I was asked in a private message if I'd ever considered teaching classes or workshops for men on sexuality. While I've written many an online article about things such as woman-focused sexuality, bdsm philosophy and even the odd post about tantrik and taoist sexuality, I've never thought much about teaching a class per se. It's an interesting thought, but I think most men who would want or need this would be best served by learning more about the philosophies of being a good lover and mate, and then learning hands on, if you will forgive my pun.

    Every woman is different. What will light the fire of one woman may chill another. I believe what makes a good lover is the desire explore a woman's body, to find all of *her* own erogenous areas, and to learn how to stimulate and fulfill her based on it. Do this, and in time it will be you who she looks back on and remembers when she is longing.
     
  8. Nov 17, 2006 #8

    AZ_Wolf

    AZ_Wolf

    AZ_Wolf

    Lupus Maximus

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    However, not all of us are wimps, afraid of our own shadows, or afraid to ask women out on dates. Just like some of us haven't been overweight all our lives.

    Sometimes it's just a matter of having married/coupled friends and not being in dating circulation in the face-to-face world. And meeting anyone online is a rarity because most people either want someone in their backyard, or are too afraid to open up (speaking about FFAs here).

    But for some your advice is good. Glad you posted and also glad you've found what you're looking for. :)
     
  9. Nov 17, 2006 #9

    Zagnut

    Zagnut

    Zagnut

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    I never claimed any BHM here is a wimp or are afraid specifically, but rather stated that most women aren't looking for men who are that way. Guys here complaining about it aren't going to solve it unless they step up and make a change themselves. If that notion was conveyed by my words, I duly apologize.

    Dating isn't easy. For a bigger man, approaching woman can be daunting. Unless you live in a small town populated by men only there are always options. I've met people online and in real life. I guy need only try.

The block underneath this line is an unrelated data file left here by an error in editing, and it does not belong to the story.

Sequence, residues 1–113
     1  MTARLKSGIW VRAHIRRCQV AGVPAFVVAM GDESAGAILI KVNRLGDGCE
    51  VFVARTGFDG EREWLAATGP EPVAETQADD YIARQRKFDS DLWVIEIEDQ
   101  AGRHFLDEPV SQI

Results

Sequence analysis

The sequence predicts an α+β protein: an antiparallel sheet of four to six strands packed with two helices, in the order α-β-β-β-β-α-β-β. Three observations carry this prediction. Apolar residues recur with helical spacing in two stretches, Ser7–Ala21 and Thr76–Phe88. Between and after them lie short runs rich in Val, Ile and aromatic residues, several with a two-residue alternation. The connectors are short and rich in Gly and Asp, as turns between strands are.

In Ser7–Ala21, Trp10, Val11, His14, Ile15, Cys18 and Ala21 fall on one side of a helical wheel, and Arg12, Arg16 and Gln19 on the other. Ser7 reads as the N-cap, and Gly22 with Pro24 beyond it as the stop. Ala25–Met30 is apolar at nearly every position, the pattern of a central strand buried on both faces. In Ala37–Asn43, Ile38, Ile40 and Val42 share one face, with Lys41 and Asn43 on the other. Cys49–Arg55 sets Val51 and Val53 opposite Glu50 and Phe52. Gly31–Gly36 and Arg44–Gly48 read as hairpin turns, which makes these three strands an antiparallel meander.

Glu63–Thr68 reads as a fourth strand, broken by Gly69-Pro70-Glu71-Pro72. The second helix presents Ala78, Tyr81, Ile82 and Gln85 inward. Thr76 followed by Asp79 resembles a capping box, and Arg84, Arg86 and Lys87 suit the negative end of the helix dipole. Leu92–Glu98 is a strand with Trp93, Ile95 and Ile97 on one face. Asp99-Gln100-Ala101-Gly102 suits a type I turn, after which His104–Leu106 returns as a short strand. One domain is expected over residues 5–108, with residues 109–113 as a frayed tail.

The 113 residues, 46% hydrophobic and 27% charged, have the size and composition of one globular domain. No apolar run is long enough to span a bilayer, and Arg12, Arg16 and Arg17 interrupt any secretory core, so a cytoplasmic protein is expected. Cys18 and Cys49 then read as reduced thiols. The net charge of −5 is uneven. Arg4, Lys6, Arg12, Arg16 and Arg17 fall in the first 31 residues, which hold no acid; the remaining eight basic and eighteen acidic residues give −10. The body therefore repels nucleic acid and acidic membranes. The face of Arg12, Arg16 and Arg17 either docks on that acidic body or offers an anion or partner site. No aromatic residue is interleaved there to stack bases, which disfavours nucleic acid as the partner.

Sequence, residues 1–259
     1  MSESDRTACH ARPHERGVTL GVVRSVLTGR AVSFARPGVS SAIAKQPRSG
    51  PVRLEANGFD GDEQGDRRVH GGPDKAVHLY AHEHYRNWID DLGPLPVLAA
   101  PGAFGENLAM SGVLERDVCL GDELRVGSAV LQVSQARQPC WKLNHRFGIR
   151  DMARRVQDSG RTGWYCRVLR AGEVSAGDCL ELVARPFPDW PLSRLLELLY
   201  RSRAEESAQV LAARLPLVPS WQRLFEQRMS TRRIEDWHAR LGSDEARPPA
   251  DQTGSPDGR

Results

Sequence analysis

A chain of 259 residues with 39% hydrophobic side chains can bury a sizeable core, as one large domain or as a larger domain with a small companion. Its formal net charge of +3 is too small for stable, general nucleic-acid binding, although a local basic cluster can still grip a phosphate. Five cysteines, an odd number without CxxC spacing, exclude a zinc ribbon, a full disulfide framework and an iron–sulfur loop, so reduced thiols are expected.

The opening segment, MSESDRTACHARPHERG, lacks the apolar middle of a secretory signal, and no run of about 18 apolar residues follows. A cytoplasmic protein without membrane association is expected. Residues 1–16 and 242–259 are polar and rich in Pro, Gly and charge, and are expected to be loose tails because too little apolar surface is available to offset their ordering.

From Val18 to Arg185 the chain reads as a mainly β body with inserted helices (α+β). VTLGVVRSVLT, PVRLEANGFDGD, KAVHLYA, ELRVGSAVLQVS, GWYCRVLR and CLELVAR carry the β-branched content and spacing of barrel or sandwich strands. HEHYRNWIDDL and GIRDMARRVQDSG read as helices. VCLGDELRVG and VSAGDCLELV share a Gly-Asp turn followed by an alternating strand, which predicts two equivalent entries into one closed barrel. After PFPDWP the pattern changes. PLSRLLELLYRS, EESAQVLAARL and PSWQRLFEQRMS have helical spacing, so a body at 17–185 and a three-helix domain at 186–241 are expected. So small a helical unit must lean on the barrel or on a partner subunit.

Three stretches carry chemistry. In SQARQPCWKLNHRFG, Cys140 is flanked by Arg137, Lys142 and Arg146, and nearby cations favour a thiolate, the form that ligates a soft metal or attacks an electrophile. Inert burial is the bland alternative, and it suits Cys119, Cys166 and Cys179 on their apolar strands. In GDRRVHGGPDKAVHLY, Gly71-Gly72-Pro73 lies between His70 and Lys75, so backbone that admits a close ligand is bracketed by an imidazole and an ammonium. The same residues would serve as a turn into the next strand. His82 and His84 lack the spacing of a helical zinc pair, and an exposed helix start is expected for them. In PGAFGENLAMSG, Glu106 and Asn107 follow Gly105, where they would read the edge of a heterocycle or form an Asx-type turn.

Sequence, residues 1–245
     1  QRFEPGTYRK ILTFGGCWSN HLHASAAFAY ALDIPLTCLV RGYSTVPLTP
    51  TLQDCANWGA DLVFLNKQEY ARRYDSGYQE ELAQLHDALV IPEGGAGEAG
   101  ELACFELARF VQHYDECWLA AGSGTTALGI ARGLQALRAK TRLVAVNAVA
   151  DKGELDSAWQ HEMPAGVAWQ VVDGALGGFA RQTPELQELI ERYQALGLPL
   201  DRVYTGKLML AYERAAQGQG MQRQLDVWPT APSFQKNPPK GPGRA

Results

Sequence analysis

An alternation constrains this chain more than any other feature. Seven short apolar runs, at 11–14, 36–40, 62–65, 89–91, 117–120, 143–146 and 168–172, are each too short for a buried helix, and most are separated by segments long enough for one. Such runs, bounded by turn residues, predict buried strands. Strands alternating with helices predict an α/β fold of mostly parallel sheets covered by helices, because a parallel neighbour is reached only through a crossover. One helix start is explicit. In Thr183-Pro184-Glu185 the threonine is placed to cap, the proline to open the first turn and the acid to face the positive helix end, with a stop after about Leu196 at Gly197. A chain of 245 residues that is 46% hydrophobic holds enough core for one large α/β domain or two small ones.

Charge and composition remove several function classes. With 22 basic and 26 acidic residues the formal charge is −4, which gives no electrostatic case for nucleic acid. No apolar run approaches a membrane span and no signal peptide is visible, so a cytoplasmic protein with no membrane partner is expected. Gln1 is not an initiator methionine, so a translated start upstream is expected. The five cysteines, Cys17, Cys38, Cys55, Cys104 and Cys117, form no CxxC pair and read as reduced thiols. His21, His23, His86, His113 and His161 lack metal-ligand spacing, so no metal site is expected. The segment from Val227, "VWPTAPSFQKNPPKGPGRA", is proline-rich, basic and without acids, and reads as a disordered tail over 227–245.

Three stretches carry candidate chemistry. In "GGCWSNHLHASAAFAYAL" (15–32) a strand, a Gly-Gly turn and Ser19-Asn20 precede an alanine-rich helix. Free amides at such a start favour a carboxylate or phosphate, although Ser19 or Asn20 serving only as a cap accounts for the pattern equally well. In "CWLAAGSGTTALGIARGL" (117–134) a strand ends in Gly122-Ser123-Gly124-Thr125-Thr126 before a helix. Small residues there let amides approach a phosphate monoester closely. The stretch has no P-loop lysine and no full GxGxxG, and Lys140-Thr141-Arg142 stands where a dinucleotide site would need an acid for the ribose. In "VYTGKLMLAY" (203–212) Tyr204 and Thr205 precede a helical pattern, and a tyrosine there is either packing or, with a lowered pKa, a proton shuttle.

And why should FFAs have to open up, when the BHM is the one in need. Not all women so inclined as to date a big man are going to claim that label. Some women have only to meet one strong and secure BHM to realize that we aren't the stereotypical stumbling-bum, but rather the man that will rock their world.

    I'm wondering if I need to post up a BHM dating guide, heh!
     
  10. Nov 21, 2006 #10

    lemmink

    lemmink

    lemmink

    THE PUMMEL IS COMING

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    You are awesome. That's fantastic. Well freaking done you! :D It's even better that you posted it too - I don't think a lot of folks will listen to an FFA's opinion and experiences about this kind of thing. This is just so empowering and awesometastic that I've had to make up a new word just to cover it.

    And please, do write a BHM dating guide. I have a feeling that a lot of guys could really benefit from that kind of thing.
     
  11. Nov 21, 2006 #11

    Zagnut

    Zagnut

    Zagnut

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    Thank you so much. I love the word though hardly think my post merits its own neologism

    I will write that dating guide and post it within a few days.
     
  12. Nov 25, 2006 #12

    missaf

    missaf

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    The biggest attraction for me (pun intended!), is the self confidence and the way a big man carries himself. If he walks with a certain sway, holds his head high and isn't afraid to laugh, be seen in public, and lets me admire him, I'll practically fall head over heels. His size should be a literal psychological part of him that isn't a hindrance, but a piece of his soul to me.